What happens to superannuated critics? They become judges at international drama festivals. Few are as bizarre as the one just held in the historic heart of the Ukraineby Irving Wardle / December 20, 1998 / Leave a comment
Published in December 1998 issue of Prospect Magazine
They say that Mr K got going in business by shooting his Canadian lover after she had bought him the best hotel in Lviv. I can’t object, as I have been spending a week free of charge in that hotel, as well as pleasant afternoons in the blue champagne pool of his casino, surrounded by caged singing birds. In any case, I don’t even know if the story is true. There is not much of which I am sure at the moment. Except that whenever I set foot outside Mr K’s domain I find another world. Blind old ladies sing on street corners; people with banners outside the town hall demand something or other; traders selling bananas and hand-woven straw slippers are said to be former university teachers.
Tonight at the opera house we should be seeing a production of Oscar Wilde’s Salome directed by R Viktyuk, Russia’s most highly paid director (they say). The show will start at six o’clock. Or then again, perhaps at eight. If, that is, the company arrive.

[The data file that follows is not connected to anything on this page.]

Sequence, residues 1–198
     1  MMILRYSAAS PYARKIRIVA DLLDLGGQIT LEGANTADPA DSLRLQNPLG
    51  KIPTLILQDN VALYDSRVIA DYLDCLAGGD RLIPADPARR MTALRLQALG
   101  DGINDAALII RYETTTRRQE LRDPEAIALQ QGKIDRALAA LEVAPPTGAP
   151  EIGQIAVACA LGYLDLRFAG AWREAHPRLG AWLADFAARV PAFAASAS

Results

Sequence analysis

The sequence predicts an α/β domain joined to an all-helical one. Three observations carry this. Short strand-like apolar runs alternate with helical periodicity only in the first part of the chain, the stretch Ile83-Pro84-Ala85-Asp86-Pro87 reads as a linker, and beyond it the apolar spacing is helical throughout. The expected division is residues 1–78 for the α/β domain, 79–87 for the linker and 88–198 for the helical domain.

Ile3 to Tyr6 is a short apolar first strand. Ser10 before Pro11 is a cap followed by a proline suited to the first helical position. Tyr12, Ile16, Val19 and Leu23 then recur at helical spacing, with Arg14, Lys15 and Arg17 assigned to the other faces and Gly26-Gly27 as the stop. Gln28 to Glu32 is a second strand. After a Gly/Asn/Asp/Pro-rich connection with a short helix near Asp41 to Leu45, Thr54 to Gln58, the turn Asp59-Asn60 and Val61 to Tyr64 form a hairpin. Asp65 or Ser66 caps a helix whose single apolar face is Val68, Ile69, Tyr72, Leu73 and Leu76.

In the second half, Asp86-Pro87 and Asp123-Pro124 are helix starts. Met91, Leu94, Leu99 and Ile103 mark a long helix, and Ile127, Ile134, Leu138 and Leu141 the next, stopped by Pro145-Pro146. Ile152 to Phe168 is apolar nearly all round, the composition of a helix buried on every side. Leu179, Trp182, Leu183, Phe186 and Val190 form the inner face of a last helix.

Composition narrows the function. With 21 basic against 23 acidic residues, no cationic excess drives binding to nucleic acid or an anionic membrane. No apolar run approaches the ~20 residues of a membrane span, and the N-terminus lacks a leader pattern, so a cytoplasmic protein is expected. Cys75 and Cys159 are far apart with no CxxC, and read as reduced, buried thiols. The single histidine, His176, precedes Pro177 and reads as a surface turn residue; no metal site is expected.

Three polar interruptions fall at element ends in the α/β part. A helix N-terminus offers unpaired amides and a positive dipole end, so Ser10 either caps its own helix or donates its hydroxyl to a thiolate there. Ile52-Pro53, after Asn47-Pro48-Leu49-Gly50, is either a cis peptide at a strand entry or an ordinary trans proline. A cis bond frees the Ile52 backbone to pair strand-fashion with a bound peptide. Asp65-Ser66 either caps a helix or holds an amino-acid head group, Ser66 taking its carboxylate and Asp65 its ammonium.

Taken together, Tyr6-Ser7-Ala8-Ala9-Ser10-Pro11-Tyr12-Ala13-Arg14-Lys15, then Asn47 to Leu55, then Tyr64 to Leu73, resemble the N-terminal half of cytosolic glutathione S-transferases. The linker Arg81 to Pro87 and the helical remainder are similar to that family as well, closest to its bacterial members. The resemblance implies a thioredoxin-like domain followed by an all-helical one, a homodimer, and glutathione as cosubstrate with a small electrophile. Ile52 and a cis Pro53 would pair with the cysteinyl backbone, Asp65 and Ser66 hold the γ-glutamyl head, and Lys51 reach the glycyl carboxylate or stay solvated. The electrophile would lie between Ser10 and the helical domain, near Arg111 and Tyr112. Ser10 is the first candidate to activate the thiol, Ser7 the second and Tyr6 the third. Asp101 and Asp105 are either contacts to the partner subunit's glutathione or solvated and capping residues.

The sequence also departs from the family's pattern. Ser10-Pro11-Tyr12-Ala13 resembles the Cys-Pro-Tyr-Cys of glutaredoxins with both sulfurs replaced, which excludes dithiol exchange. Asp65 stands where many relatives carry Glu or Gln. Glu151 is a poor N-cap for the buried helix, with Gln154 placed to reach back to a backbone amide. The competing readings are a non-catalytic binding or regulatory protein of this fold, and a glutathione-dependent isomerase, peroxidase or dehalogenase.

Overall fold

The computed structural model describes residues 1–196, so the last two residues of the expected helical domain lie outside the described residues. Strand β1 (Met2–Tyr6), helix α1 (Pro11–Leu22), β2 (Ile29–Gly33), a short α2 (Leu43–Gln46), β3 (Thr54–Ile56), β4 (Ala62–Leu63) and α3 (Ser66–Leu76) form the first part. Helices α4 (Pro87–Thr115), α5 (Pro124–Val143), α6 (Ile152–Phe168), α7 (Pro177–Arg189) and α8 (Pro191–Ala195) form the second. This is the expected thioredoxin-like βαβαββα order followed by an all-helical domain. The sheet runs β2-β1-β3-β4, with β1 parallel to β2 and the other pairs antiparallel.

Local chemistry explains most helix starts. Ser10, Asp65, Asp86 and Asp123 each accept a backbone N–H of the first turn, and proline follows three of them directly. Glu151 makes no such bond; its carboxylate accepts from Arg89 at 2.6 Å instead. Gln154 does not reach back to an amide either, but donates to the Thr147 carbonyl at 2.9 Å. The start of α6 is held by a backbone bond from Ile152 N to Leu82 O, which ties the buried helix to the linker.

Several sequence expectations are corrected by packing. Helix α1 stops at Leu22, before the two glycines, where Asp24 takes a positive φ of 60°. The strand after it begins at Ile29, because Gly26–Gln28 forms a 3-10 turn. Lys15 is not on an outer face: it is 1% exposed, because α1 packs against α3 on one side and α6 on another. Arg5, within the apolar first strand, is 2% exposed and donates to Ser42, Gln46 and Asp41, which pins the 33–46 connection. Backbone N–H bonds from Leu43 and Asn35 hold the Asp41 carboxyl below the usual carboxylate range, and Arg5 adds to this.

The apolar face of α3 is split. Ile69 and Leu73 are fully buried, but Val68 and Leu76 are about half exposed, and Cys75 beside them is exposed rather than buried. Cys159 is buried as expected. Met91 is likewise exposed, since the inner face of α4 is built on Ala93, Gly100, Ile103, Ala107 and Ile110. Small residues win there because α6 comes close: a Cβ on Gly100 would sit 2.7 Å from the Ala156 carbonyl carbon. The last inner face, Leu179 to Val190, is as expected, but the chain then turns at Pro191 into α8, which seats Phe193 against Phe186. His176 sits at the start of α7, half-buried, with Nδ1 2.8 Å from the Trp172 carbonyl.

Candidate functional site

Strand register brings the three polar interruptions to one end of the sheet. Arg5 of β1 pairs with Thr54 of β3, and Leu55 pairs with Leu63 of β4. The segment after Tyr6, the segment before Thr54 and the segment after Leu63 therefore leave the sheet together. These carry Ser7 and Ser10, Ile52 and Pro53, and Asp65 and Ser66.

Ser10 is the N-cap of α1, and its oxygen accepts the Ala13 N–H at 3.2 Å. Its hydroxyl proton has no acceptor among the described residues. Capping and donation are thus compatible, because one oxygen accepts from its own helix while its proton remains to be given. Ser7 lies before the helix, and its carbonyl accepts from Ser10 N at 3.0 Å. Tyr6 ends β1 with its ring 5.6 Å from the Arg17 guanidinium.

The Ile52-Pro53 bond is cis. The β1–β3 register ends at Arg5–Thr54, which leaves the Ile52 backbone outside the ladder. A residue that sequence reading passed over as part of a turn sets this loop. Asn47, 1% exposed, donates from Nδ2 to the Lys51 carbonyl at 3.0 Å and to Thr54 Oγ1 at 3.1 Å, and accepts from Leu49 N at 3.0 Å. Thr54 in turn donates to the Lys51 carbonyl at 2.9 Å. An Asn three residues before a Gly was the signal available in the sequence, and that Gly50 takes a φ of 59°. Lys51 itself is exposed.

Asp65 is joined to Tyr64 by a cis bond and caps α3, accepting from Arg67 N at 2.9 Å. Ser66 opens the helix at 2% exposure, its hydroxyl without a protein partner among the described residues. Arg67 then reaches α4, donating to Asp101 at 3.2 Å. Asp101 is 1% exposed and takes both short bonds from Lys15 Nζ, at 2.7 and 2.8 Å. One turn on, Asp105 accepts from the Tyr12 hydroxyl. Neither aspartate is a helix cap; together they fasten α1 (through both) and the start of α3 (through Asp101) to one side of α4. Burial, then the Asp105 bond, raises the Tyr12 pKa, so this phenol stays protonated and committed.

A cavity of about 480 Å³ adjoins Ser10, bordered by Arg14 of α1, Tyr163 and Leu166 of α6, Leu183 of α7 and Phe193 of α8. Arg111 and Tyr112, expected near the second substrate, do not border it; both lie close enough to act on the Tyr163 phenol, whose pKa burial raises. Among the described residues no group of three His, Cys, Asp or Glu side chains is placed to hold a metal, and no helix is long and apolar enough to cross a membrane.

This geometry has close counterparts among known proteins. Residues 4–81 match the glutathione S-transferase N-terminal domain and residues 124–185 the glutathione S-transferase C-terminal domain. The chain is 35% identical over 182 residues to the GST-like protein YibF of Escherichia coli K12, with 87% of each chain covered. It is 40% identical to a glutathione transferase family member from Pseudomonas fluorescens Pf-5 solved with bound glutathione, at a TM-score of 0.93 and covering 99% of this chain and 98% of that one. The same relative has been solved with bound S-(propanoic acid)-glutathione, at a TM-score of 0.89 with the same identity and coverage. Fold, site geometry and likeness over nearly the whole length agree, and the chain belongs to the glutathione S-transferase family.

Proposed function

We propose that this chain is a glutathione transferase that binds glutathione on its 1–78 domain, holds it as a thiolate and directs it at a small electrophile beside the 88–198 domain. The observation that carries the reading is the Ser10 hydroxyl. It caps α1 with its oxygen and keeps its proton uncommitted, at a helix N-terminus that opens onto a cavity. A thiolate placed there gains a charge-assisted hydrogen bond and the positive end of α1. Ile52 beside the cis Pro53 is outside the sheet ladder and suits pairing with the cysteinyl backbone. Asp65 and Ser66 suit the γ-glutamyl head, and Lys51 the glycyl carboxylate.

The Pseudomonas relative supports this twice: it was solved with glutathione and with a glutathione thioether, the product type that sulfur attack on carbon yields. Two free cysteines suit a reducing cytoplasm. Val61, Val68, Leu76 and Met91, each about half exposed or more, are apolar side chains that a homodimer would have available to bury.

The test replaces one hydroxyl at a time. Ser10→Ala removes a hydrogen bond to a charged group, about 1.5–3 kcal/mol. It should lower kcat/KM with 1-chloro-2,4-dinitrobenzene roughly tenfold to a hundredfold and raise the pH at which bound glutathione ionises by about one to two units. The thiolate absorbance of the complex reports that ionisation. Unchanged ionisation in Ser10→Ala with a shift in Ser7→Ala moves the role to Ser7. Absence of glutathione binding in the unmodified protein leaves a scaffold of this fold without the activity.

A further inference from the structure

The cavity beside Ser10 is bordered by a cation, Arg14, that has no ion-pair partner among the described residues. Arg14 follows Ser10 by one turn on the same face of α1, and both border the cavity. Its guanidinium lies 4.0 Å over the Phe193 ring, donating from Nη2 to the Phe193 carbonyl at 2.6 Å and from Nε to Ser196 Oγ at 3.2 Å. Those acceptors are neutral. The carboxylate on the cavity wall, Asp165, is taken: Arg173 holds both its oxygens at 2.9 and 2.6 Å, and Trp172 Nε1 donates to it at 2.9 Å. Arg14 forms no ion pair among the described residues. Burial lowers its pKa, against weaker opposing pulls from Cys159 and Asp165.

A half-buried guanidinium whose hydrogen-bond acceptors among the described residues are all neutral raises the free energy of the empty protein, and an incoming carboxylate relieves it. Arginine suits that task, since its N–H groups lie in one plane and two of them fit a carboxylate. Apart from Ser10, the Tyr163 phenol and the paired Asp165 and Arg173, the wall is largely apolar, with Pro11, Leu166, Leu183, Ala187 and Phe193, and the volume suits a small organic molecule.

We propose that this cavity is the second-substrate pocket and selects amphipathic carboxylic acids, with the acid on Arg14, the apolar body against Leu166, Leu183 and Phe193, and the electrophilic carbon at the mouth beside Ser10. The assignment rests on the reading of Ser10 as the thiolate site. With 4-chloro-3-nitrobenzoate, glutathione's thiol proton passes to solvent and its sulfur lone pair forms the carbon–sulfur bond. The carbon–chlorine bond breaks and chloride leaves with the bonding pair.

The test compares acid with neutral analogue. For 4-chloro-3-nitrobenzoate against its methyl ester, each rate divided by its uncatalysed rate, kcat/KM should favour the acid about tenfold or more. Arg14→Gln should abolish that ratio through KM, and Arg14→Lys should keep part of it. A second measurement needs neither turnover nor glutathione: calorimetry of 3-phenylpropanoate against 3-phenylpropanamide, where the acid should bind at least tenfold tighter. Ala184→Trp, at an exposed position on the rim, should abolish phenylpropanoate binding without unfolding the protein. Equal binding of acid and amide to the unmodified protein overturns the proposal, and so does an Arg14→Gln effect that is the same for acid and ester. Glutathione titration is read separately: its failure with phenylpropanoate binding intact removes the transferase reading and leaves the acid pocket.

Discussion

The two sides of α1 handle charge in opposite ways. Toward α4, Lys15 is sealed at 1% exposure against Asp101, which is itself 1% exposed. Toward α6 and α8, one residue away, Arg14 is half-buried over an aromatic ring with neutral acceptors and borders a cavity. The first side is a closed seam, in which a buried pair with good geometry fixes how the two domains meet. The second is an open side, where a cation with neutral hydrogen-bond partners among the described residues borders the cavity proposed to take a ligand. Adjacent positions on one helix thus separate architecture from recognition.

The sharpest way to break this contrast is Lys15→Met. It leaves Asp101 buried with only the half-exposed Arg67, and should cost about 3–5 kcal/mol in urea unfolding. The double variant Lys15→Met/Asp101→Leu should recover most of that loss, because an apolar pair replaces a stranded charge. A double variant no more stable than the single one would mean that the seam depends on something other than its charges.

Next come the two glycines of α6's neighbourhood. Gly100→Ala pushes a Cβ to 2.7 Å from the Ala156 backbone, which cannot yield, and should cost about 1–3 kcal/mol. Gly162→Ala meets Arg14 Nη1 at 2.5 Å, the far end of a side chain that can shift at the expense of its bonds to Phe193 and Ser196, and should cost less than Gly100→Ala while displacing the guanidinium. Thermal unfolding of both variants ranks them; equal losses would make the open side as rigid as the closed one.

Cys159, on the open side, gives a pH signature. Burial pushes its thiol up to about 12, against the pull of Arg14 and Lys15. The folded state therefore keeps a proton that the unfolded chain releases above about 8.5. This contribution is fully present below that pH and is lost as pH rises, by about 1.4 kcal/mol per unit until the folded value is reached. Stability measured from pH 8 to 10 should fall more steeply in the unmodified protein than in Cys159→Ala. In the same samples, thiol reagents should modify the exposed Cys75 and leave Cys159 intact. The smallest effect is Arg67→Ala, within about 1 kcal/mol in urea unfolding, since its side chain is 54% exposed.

They do arrive. We, however, do not. We have been out all day viewing the tumbledown castles of Zolochev, Olevsk and Pidhivzi; we do not make it back to Lviv’s “Misery Square” until 8:30pm and it is another half hour before we shove through the crowds and the guards and persuade the management to shoehorn us into the auditorium. By this time it is rather late in the day to grasp Viktyuk’s production. The show is said to begin with a transcript from the Wilde trial and has a cast list identifying the Biblical characters with Wilde’s friends and relations. But all I can see is a stage full of PVC and bondage straps, with Salome (alias Bosie) swishing about in a bejewelled jock-strap and Herodias (alias Wilde’s mother) as a martial artiste flooring a queue of rampant males. How amusing to find eastern Europe still catching up with western decadence, we think smugly. Not that we are in a position to feel smug, as we are festival judges who have just missed half the show.
If you have ever wondered what happens to superannuated critics, the answer is that we become judges at international festivals. It’s a form of afterlife; but you do get to places you might otherwise never see: for example, Torun, birthplace of Copernicus, and Plzen, famed for its brewery-or, in the present case, Lviv, where I am sure something important must have happened, apart from famine and massacre.